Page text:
Three small firms that believe they were under-compensated by big banks over interest rate swaps mis-selling are battling for the right to sue in the Court of Appeal today.
If they succeed, lawyers believe the case, which is being heard today and tomorrow, could open the floodgates for hundreds of new legal claims.
The Financial Services Authority, now known as the Financial Conduct Authority (FCA), estimated in 2012 that up to 40,000 interest rate swap agreements may have been mis-sold to small businesses since 2001.
These swaps are financial products that were sold to businesses to protect them against interest rate fluctuations. When the financial crisis hit, and interest rates began to fall, many companies that had fixed their rates at higher levels lost large amounts of money.
In 2012, the FCA ordered banks to compensate the businesses through a redress scheme. Many of the companies believe their claims were not treated fairly and that they were under-compensated, including the three in court today.
Property holding firm CGL Group is the lead case, with the company attempting to sue Royal Bank of Scotland. WW Property Investments, meanwhile, is pursuing RBS-owned NatWest. And Barclays is being sued by the Bartels family, which owned a hotel in Wales.
The firms, which brought their cases separately, each believe that they were under-compensated and treated unfairly by their respective banks, which decided how much to payout independent of the FSA.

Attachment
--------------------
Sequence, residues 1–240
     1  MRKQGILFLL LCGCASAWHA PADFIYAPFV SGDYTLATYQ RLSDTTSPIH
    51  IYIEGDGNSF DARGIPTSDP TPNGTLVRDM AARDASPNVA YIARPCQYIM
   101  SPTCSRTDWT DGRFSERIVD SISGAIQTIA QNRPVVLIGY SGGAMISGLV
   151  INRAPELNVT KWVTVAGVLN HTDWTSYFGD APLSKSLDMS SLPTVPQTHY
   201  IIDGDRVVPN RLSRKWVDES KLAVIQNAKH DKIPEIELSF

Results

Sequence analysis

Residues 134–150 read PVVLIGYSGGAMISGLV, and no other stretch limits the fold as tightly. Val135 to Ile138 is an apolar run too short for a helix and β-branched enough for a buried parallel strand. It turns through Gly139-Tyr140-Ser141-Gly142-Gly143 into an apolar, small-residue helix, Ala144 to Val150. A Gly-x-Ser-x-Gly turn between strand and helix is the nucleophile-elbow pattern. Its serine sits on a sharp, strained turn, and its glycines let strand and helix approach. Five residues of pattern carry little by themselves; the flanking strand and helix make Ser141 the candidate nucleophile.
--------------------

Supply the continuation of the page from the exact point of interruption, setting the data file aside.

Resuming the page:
Each of the three firms had their claims thrown out by the High Court last year. Today, in the Court of Appeal, the firms have been bundled together and are trying to revive their cases by arguing that the banks, contrary to what the High Court ruled, owed them a duty of care under the FSA review.
The hearing is due to last all of today and tomorrow before a Court of Appeal decision is made.
Legal sources have said that if they are successful, hundreds of other firms which felt they were under-compensated as part of the FSA review could bring High Court claims against the banks.
David McIlroy of Forum Chambers said: "This case shows how thousands of companies feel that the FCA redress scheme did not give them justice. If successful, many companies will at last have the opportunity to get the compensation they are due."
An RBS spokesperson said: “We believe that the original judgments in these cases are correct and intend to vigorously defend the appeals.”
Barclays declined to comment.